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Published On: Tue, May 16th, 2017

Cyberattack Is Blunted As Governments, Companies Gain Upper Hand

(Bloomberg) Governments and companies around the world began to gain the upper hand against the first wave of an unrivaled global cyberattack, even as the assault was poised to continue claiming victims this week.
More than 200,000 computers in at least 150 countries have so far been infected, according to Europol, the European Union’s law enforcement agency. The U.K.’s National Cyber Security Centre said new cases of so-called ransomware are possible “at a significant scale.”
“For now, it does not look like the number of infected computers is increasing,” said a Europol spokesman. “We will get a decryption tool eventually, but for the moment, it’s still a live threat and we’re still in disaster recovery mode.”
At Germany’s national Deutsche Bahn railroad, workers were laboring under “high pressure” Monday to repair remaining glitches with train stations’ electronic departure boards, a spokesman said.
French car-maker Renault SA, which halted production at some factories to stop the virus from spreading, said 90 percent of factories worldwide had now resumed operations, according to a spokesman Monday.
A new version of the ransomware may have also been spreading over the weekend. Matt Suiche, founder of United Arab Emirates-based cyber security firm Comae Technologies, said around 10,000 machines have been infected by the second variation of the malware.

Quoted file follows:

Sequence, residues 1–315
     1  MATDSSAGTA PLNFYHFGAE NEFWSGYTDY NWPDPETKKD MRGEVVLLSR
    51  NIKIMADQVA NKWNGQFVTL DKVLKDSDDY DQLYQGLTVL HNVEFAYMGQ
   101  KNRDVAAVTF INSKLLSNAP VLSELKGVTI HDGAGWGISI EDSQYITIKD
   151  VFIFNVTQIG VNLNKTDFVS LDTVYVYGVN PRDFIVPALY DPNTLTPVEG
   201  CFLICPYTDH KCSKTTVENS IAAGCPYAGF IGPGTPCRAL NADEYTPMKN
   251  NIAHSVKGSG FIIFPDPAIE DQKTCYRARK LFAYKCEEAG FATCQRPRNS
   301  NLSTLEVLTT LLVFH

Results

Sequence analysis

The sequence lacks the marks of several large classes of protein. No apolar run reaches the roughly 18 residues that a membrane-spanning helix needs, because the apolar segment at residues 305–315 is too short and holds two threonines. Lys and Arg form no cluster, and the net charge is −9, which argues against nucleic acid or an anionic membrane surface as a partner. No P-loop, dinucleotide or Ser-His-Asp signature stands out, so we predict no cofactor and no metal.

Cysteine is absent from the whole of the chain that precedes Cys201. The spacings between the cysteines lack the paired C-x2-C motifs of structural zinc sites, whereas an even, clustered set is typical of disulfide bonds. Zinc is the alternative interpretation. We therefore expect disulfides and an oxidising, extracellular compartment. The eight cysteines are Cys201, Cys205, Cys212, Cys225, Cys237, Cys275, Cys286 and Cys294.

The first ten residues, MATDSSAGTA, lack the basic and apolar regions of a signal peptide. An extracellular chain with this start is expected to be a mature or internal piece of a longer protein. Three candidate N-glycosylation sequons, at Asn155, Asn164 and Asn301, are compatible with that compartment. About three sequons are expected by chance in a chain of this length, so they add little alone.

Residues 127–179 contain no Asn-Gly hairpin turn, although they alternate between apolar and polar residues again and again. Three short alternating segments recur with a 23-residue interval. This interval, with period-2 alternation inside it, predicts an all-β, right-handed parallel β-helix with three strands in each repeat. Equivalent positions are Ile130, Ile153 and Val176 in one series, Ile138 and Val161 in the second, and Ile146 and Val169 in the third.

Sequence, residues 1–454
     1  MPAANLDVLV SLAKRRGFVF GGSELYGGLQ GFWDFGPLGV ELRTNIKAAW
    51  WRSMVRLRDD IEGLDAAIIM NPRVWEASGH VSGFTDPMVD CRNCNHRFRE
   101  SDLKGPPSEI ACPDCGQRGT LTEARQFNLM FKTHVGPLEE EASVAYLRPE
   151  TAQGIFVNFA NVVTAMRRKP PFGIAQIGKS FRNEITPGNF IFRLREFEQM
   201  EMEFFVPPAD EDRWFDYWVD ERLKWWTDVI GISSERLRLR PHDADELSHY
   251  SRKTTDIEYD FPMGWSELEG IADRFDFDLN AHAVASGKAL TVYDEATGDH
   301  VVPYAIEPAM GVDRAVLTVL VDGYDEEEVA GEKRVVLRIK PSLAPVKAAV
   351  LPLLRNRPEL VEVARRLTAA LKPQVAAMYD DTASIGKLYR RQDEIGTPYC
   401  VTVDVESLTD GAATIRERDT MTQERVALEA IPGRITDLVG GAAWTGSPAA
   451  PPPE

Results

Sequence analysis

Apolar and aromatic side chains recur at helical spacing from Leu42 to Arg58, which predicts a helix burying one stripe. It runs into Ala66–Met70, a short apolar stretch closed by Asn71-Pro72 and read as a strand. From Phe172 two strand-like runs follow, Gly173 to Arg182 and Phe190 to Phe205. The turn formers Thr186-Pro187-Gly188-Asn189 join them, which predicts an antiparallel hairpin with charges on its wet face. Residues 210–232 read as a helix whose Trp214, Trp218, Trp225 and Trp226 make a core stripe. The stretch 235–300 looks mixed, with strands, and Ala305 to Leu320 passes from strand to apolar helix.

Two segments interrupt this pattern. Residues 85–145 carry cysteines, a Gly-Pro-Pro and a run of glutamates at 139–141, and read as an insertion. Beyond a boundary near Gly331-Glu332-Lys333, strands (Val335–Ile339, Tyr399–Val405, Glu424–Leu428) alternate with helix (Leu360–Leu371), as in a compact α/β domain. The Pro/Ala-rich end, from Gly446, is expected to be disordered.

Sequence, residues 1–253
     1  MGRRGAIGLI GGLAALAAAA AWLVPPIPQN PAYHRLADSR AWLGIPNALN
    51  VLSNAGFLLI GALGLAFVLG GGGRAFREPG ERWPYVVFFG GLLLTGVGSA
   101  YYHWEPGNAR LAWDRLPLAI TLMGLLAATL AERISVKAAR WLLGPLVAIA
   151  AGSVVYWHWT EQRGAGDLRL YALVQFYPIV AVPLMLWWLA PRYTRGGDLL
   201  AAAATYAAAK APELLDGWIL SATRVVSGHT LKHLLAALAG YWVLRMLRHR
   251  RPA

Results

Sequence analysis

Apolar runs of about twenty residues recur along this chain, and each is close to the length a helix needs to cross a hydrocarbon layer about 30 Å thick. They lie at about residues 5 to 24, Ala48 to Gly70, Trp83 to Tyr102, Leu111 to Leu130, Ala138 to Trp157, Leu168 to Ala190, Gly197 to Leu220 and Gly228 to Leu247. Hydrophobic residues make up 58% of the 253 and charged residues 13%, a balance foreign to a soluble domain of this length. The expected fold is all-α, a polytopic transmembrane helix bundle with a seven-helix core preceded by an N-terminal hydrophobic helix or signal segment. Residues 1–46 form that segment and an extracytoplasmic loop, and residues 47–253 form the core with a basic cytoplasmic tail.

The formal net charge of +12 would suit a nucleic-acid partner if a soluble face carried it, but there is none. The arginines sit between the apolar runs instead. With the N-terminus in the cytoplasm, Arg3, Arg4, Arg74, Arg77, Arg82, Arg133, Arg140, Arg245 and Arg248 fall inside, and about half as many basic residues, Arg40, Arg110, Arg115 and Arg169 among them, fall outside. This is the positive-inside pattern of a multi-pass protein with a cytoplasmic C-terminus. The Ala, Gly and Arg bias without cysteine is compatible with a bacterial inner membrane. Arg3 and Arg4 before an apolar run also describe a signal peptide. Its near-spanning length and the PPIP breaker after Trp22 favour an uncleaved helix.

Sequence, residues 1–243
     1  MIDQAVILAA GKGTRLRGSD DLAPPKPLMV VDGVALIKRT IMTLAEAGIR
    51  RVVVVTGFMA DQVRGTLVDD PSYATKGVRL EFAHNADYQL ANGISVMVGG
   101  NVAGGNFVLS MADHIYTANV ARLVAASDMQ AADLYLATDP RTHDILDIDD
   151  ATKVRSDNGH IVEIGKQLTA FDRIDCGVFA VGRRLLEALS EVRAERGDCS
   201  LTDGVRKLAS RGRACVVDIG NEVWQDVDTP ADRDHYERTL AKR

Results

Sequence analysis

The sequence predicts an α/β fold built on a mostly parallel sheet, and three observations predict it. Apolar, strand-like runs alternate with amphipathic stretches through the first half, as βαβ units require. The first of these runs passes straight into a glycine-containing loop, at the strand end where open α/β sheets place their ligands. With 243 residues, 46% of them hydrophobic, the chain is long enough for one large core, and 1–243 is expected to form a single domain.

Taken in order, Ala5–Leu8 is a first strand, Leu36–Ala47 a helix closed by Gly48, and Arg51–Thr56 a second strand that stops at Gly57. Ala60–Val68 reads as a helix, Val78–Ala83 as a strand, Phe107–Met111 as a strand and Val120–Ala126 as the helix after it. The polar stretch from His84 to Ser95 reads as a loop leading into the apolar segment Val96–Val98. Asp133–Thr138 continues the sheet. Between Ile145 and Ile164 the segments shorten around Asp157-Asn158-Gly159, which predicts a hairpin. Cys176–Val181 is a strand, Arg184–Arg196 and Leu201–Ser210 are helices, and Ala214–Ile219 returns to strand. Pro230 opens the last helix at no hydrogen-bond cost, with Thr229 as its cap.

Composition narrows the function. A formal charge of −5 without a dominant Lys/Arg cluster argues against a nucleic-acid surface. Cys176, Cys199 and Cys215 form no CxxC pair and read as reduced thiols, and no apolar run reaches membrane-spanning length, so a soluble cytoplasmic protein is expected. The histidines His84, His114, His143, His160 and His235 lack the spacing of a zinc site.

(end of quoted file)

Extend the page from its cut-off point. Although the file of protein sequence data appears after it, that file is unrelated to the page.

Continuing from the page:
The malware used a technique purportedly stolen from the U.S. National Security Agency. It affected the U.K.’s National Health Service, Russia’s Ministry of Interior, China government agencies, Deutsche Bahn, automakers Nissan Motor Co. and Renault, PetroChina, logistics giant FedEx Corp., and other company and hospital computer systems in countries from Eastern Europe to the U.S. and Asia.
The hackers used the tool to encrypt files within affected computers, making them inaccessible, and demanded ransom — typically $300 in bitcoin. Russia and Ukraine had a heavy concentration of infections, according to Dutch security company Avast Software BV.
Microsoft Corp. President Brad Smith, in a blog post Sunday, said the attack is a “wake-up call” for governments in the U.S. and elsewhere to stop stockpiling tools to exploit digital vulnerabilities. “They need to take a different approach and adhere in cyberspace to the same rules applied to weapons in the physical world,” he said.

See more: https://www.bloomberg.com/news/articles/2017-05-15/corporates-governments-fight-back-as-cyber-attack-spreads?cmpid=BBD051517_BIZ&utm_medium=email&utm_source=newsletter&utm_term=170515&utm_campaign=bloombergdaily

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